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Title: Wyly, Isabella to Wyly, Matilda, 1858
CollectionOceans of Consolation [D. Fitzpatrick]
SenderWyly, Isabella
Sender Genderfemale
Sender Occupationshop assistant
Sender Religionunknown
OriginAdelaide, Australia
DestinationNewry, Co. Down, Northern Ireland
RecipientWyly, Matilda
Recipient Genderfemale
Doc. No.
Partial Date
Doc. Type
Word Count1958
Genrenews, life in the colonies
TranscriptMarch 6th. 1857
Rundle Street Adelaide
South Australia
My dearest Sister
I cannot express how deligh[te]d we all weare to hear from you, for our connexion is so small the news so[o]n goes round. I often think if our friends in dear old Ireland knew the excitement and delight letters and Papers caused when we receive them here, the would write much oftener than the do. It is as I might say a painfull pleasure to me to begin to writ; a letter home for I seem [?] to have so much to say that it would take volumes to write all at wonce, but I hope now as we hav commencd to corespond I hope we shall continue to do so untill perhaps we shall meet someday.
Altho would never advise anny one to come here, for most people finds it a difficulty to get on Just now, perticular[l]y those who hav a large family. Poor Uncle Alexander often says He should like to be back in His old Situation the Kees [quays] of Dublin agen. Every thing seems to go hard with him at times. Every thing is so much dear[er] than home. You could make £1 go fu[r]ther with you there than you could £3 here. It is not as it was in the Gold Diggans times when you would be Payed well for what you did. But there is and always was more said abou[t] Austrilia than ever was true, but I am thankful to say I never have had one reason to complain yet. It is like a new world to me. Every thing seems to go well with me as it went ill with me atome.
Dear Matilda, it was a great sorce of consolation to me to here of dear Thomas Happy end. It was more than I seemed to of had faith to look f[or]ward to, but we see there is hope even in the eleventh hour which there was in this case. He had but a short time but thank God his time was not to[o] short for Him, who will hav Mercy. He was like the rest of the Name, taken when yong. We know our Fathers Hand prepares the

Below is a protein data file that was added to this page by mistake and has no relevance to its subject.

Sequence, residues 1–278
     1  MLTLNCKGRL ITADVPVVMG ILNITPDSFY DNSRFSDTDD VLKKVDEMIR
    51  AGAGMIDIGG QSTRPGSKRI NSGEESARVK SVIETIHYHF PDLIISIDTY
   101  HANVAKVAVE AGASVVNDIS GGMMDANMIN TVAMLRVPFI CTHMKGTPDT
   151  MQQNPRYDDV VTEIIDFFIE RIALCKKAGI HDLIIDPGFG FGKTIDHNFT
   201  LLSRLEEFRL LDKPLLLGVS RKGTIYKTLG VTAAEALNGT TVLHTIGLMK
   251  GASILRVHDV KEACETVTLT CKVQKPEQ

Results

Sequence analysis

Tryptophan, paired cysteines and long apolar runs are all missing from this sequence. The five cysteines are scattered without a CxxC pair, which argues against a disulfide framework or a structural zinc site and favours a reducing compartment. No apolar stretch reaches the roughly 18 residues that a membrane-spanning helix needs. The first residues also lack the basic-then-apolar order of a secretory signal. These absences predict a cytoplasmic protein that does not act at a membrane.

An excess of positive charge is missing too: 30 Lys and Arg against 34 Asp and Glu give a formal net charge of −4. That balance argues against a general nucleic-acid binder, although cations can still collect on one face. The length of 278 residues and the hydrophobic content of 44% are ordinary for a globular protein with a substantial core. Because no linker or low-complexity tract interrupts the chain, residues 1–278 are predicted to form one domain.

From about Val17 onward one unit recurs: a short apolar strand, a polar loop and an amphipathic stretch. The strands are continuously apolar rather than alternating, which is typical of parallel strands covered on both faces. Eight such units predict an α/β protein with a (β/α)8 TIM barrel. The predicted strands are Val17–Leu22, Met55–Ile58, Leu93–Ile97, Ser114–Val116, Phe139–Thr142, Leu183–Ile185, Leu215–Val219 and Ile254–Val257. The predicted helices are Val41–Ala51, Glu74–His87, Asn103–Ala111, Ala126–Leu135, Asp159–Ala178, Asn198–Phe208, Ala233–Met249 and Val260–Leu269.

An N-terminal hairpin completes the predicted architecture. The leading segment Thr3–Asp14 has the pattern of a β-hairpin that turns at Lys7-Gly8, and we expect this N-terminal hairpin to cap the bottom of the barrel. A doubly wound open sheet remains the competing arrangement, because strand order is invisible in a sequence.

Ark [?] and what He wills is best. I was Glad to hear you had Strength according to your day. You have had a great deal of Affliction but I trust you feel the hand of God was in it all, & He will never leave or forsake the Widow or the Orphans. I can speak from experience, for I am sure he has never yet forsaking me yet. For the older I grow, the more I feel His helping hand, & I trust He will still continue with us all untill that final day of rest will come that we shall be all cal[/]ed from this weery world of truble &Pain to reign with Him forever & where sepperation will be no more.
I cannot tell you how delighet I was to receive a letter from dear Edward. It was the first but I hope it wont be the last. Oh how I long to see them both agen & dear little Susan. I wance thought I never should hear from you or them agen bur I am thankfull to say I have. I was glad to hear der Edwad was at shool and a good one it must be. I Judge of it by the tee descriptaition he gave of it. I read his Iitle Manly note with such atention and could carsly believe it came from him for he was such a little fellow when I saw him last. You do not know how ancious I shall be untill I get their likeness. I was sorry to hear dear little Susan was delicate but she always was. I trust she will be spaired, to grow up to be a comfort to you. Your 2 dear little ones ar the alike. I havet to think visit [?] atome now I might say.
I am glad to heer you ar on friendly terms with Uncle Jo[h]n Gratten.
8744585107569000It will be a nice change for Edward in his Vacations to go up to Dublin. When you write could you send me their directioners and I will write to them. Would you Give my love to them all and tell my reson for not writeing before & I will write when I heer from you agen. I should like to hear from Aunt Gratten so mutch. I used to think at one time I had no friend atome but I am trying to think diffiren now. Old friends seem to revive agen when hearing from them. Have you found where Aunt Lucy lives yet. If you have not when you go to Dublin agen if you call on Miss Condren Aunts Elizabaths Sister, she will be able to tell you. She lives at Number 90 Renalagh Road & Please tell her all Aunt E's family ar quite well and send their love to her.